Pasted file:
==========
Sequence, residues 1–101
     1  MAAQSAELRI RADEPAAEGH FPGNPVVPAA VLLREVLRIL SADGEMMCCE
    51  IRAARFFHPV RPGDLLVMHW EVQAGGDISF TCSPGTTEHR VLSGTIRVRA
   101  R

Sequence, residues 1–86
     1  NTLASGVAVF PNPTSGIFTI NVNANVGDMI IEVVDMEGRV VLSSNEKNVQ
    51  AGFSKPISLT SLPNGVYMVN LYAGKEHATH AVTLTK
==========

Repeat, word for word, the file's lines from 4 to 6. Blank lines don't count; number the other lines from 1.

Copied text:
   101  R

Sequence, residues 1–86
     1  NTLASGVAVF PNPTSGIFTI NVNANVGDMI IEVVDMEGRV VLSSNEKNVQ